Small incidents like the Fukushima nuclear waste water hurting a crowded world describes what Austrian Professor Friedrich Glasl considered in his 9-stage Conflict Escalation model. Glasl observed that conflicts arise in all organizations that evolve in three stages with three levels -- win-win; win-lose; and lose-lose. In the win-win stage, level one is tension and hardening of views. Level two is debates and disagreements; but level three moves to actions and not just words. In stage two of win-lose for both parties, level four sees each party trying to get into coalitions, seeking allies to bolster their arguments and bargaining positioning. Level five involves action that causes the other side to lose face. Level six then goes into actual strategies and threats, where the other side is seen as opponent, rival or enemy.

Level seven deteriorates into the lose-lose phase, because one side thinks that its limited action will cause the other side to lose more. But this only invites tit-for-tat retaliation. Level eight attacks each other’s vital functions until the other fragments, surrenders or collapses. Level nine is nuclear Mutually Assured Destruction, where everyone loses.

Glasl recognizes that the Ukraine war is fought at three entangled levels -- US versus Russia (global); Russia versus Ukraine (regional); and within Ukraine, Russian-speaking versus non-Russian Ukrainian (local) conflicts. All proxy wars end up with the proxies being totally devastated or crippled. This is not about the pride of Great Powers, but the survival of all.

The Glasl model suggests that escalation can be reversed, provided both sides can find windows of opportunity to de-escalate, moving away from military action to diplomacy. The Ukraine war teaches the fundamental lesson that we must always look at the current situation from the other side’s perspective. Ukraine supporters see a violation of sovereignty as the absolute principle that they must defend to the death (many Ukrainians so far). The Russians argue that they are fighting for the existence of Russia as a sovereign state. Westward NATO movement reminds them that Russia was invaded twice in history by Western Europe -- Napoleon and then Nazi Germany.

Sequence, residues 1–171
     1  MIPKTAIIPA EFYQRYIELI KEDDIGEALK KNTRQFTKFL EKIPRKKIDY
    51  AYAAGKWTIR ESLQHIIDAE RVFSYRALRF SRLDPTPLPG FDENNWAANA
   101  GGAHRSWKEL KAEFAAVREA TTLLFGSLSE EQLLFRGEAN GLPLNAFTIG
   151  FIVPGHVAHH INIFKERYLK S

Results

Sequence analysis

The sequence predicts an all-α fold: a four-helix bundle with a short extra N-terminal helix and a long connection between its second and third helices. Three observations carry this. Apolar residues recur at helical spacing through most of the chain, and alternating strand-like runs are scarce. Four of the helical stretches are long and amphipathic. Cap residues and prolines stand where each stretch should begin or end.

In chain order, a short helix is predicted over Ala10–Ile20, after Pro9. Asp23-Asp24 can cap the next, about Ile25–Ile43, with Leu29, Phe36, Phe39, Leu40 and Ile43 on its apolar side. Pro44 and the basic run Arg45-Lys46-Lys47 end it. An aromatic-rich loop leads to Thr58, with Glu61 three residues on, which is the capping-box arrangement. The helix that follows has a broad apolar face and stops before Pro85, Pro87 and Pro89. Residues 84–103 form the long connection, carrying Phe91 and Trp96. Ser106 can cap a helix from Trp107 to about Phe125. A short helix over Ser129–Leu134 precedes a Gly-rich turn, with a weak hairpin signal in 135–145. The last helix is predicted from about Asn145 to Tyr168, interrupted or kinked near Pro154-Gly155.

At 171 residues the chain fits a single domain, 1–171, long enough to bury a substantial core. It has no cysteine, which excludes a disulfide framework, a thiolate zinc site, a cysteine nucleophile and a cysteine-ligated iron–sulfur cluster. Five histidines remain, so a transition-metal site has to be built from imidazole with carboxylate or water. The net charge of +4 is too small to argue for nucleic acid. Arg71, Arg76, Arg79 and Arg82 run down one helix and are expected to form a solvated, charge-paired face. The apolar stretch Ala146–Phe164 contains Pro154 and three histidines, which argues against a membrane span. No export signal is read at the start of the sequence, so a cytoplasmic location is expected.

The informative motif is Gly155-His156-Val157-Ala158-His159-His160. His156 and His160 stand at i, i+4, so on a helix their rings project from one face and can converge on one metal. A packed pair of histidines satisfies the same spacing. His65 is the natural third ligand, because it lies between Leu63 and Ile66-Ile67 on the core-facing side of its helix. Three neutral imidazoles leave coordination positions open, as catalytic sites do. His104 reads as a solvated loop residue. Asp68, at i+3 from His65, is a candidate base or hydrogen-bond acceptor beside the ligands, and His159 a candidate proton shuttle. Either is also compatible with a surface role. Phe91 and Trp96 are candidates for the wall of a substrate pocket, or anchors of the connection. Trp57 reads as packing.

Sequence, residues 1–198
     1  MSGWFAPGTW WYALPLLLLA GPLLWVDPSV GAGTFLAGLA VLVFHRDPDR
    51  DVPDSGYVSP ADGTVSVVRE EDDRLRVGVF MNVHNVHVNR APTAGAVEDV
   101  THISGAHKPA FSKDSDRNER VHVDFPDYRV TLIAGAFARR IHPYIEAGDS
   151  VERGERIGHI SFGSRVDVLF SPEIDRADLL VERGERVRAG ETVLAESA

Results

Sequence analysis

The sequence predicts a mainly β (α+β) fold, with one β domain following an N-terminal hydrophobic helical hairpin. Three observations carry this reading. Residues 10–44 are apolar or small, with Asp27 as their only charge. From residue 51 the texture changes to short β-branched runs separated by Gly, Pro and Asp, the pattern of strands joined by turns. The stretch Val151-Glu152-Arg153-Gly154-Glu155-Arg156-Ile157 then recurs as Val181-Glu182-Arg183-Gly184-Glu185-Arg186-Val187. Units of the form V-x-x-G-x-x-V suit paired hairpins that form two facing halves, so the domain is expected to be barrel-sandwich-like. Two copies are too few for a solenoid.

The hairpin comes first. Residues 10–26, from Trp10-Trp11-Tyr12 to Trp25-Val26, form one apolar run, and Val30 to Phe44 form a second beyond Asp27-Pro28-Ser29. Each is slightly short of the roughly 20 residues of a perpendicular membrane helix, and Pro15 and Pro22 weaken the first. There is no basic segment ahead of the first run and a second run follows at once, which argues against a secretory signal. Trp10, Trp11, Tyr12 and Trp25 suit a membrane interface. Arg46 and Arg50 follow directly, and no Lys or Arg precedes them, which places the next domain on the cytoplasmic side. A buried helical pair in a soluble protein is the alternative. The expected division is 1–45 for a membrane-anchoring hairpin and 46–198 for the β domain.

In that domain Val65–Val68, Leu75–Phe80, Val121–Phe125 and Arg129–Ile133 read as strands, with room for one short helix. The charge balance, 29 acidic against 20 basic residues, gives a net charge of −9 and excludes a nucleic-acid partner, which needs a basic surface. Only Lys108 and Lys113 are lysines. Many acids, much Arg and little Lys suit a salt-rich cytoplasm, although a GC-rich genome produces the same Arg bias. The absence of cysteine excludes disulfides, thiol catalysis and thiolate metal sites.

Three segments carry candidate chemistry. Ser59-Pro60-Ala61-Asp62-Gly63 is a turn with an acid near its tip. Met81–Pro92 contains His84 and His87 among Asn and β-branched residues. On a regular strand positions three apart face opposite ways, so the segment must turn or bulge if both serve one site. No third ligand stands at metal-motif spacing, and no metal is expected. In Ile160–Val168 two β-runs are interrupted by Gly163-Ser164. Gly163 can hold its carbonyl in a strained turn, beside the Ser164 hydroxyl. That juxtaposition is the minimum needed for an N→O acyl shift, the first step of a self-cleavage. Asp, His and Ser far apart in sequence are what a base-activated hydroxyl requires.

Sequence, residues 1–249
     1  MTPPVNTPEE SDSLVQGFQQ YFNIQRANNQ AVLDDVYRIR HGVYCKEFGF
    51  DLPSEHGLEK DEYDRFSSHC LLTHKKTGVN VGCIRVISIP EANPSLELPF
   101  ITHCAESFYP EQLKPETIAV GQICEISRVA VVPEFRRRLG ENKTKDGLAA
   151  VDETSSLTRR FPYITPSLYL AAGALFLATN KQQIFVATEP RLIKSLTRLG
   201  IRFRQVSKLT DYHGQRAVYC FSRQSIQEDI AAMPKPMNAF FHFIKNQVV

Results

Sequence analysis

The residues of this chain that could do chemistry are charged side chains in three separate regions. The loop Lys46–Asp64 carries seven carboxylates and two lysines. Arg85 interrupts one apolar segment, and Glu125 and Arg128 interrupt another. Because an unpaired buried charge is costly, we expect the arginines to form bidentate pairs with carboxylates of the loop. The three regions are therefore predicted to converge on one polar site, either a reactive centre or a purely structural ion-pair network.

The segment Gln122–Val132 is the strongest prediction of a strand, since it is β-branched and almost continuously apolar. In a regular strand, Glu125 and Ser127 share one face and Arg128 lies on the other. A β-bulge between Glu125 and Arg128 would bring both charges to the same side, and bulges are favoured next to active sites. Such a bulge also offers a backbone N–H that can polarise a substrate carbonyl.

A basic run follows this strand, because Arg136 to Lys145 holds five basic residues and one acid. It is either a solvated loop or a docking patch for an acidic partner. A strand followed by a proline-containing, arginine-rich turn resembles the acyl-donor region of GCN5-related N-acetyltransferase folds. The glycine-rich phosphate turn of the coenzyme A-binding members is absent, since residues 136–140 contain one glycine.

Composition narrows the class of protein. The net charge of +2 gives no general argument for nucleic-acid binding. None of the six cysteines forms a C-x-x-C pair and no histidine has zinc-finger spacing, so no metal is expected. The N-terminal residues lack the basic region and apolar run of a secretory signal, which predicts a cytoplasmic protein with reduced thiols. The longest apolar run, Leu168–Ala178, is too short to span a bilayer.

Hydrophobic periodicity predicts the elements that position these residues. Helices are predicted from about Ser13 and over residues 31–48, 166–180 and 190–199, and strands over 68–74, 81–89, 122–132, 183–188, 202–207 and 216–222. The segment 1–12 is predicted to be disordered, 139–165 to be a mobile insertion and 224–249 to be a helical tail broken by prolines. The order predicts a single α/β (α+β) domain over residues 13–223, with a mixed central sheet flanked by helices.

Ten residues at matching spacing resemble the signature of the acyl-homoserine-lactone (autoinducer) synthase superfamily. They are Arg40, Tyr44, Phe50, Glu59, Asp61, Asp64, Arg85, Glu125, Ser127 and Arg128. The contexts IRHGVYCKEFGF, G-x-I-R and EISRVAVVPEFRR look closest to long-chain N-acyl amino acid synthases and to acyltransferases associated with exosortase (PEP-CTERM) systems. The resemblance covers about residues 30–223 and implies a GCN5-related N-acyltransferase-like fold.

As the last two World Wars demonstrated, wars have an entangled logic of rationality and emotion, with small incidents like the assassination of Austrian Duke Ferdinand leading to rapid mobilization and war. World War II was about Nazi Germany seeking revenge from the last defeat. It is easier to enter into war and far more difficult to get out of it. Peace can only come when leaders come to their senses that war can only lead to more war. In today’s nuclear age, conventional warfare will inevitably lead to destruction of all. Leaders will have to climb down diplomatically for peace, or face collapse of everything economically, politically and existentially.

There is no victory from nuclear war. Not even a return to the status quo. Which is why peace is the only real option.

Andrew Sheng

Andrew Sheng is a former central banker who writes on global issues from an Asian perspective. -- Ed.

(Asia News Network)